Polish AstroStatistics

I am visiting Copernicus Astronomical Center in Warsaw this week and this is the reason for Polish connection! I learned about two papers that might interest our group. They are authored by Alex Schwarzenberg-Czerny

1. Accuracy of period determination, (1991 MNRAS.253, 198)

Periods of oscillation are frequently found using one of two methods: least-squares (LSQ) fit or power spectrum. Their errors are estimated using the LSQ correlation matrix or the Rayleigh resolution criterion, respectively. In this paper, it is demonstrated that both estimates are statistically incorrect. On the one hand, the LSQ covariance matrix does not account for correlation of residuals from the fit. Neglect of the correlations may cause large underestimation of the variance. On the other hand, the Rayleigh resolution criterion is insensitive to signal-to-noise ratio and thus does not reflect quality of observations. The correct variance estimates are derived for the two methods.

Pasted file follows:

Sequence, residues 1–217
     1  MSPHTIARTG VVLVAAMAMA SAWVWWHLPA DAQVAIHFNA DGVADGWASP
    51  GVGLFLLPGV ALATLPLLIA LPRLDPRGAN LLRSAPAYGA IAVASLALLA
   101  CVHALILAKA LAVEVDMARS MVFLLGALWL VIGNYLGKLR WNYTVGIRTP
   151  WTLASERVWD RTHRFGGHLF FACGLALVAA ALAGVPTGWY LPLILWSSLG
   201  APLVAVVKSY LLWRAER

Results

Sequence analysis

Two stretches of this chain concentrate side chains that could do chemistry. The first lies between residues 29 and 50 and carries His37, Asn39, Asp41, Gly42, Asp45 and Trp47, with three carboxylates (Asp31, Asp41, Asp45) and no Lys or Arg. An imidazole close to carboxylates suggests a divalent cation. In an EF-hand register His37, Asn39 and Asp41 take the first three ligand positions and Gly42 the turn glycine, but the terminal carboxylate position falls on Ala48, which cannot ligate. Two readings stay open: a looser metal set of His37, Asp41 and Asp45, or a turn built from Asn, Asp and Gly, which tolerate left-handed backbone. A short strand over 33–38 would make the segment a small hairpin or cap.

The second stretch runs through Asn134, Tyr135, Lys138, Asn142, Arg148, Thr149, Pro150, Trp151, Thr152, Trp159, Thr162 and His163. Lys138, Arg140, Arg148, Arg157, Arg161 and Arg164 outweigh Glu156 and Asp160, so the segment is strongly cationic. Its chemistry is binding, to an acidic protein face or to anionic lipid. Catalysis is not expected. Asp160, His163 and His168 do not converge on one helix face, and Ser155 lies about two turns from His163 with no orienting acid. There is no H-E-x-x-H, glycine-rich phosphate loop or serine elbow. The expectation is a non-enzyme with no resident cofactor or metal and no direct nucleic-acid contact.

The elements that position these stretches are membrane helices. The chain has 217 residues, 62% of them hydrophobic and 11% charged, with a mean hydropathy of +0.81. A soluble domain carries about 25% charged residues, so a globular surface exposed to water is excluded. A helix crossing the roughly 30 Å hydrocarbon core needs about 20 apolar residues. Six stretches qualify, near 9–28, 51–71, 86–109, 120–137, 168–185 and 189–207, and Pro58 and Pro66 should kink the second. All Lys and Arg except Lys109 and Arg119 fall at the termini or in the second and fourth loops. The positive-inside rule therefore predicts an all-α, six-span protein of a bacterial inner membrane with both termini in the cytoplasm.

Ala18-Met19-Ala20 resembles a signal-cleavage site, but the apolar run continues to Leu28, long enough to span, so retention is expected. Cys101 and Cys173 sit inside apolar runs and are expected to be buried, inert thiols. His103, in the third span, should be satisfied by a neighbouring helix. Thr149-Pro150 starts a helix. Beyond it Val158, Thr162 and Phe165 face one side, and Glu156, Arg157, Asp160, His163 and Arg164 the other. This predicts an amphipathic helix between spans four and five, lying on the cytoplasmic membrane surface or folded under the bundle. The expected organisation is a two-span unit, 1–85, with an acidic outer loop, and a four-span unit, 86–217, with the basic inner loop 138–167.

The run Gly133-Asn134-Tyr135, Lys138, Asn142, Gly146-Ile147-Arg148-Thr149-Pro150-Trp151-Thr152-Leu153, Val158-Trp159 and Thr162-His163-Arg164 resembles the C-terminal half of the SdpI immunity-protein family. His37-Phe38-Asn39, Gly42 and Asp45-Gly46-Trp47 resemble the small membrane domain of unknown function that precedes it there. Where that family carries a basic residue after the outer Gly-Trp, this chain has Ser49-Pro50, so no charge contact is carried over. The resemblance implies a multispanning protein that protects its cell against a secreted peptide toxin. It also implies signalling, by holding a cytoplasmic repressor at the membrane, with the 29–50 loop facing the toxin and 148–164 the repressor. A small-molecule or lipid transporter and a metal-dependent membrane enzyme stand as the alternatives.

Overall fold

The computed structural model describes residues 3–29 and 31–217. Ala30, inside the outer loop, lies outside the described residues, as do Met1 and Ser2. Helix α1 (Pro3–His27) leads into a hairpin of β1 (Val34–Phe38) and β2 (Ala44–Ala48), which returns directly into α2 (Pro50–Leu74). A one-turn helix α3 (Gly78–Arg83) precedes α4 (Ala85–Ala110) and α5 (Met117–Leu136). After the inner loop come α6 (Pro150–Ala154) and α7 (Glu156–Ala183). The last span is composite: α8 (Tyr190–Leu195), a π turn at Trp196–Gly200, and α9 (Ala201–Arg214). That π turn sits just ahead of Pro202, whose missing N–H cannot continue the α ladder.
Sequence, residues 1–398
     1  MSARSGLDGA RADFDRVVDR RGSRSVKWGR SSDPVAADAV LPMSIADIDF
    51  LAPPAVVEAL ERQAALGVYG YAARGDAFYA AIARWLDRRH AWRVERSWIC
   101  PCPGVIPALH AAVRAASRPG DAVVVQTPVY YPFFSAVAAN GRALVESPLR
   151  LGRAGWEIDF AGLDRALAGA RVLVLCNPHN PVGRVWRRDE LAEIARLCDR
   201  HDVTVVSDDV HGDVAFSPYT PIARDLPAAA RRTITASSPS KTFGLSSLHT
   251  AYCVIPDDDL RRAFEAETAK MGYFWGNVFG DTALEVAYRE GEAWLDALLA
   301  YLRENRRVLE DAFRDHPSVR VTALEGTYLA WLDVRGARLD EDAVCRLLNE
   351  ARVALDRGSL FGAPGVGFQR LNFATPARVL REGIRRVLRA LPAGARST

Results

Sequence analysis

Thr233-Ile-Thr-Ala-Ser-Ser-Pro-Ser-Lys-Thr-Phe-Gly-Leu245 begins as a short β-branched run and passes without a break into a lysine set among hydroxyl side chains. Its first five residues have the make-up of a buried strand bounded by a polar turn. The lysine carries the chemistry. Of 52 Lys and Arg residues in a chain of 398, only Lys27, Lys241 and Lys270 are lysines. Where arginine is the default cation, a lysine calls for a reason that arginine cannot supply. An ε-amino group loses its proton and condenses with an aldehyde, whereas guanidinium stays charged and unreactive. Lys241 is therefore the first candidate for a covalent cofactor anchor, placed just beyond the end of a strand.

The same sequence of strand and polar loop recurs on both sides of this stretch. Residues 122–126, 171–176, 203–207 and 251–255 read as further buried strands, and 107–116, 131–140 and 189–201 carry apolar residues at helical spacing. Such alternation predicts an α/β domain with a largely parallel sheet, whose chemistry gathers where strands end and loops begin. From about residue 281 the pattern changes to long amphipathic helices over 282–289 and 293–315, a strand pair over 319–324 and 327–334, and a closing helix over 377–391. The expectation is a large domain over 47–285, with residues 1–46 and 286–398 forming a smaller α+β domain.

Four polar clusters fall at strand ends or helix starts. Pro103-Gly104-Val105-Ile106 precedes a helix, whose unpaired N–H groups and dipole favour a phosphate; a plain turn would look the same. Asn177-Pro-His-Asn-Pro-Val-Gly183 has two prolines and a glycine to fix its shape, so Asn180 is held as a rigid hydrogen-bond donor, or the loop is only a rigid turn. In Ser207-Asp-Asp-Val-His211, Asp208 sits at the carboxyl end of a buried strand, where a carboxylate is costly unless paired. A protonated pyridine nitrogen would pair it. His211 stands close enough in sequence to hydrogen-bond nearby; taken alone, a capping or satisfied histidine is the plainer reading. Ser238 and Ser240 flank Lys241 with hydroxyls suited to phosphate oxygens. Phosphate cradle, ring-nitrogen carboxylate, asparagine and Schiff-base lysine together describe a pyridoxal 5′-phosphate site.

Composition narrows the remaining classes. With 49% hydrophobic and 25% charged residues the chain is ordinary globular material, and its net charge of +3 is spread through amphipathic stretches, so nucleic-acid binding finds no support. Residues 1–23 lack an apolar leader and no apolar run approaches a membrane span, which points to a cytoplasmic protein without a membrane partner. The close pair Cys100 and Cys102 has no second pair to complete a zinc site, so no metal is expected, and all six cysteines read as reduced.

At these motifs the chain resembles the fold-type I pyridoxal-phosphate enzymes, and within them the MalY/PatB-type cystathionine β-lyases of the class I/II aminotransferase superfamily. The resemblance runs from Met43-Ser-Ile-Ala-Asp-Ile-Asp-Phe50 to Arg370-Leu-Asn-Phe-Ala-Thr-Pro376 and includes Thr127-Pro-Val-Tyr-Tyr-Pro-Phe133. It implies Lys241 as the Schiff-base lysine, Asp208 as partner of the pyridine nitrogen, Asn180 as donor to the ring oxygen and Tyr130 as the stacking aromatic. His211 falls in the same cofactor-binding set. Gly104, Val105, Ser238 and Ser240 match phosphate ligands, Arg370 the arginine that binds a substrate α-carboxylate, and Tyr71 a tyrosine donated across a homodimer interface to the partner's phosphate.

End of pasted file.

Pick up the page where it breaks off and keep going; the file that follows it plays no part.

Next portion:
2. On the advantage of using analysis of variance for period search (1989 MNRAS. 241,153)

One-way analysis of variance (AoV) is recommended as a method for detection of sharp periodic signals. Application of the method requires folding and binning data with a trial period. Among several methods of this type employed in astronomy, AoV has the advantage that its probability distribution is known for any number of observations, so that its usefulness for small samples is unquestionable. Comparison of the AoV test with other tests in use demonstrate that for large samples it is at least as powerful as any of them. Examples of application of the AoV method for photometric observations are discussed. An error in the phase dispersion minimization method, namely an incorrect probability distribution and significance criterion, is also discussed. It is argued that the power of the Lafler and Kinman test is comparable to that of the AoV2 test, the AoV test with narrow bins, containing two observations each. However, the AoV2 test is less powerful than any AoV test with a reduced number of bins and so is the Lafler and Kinman test.

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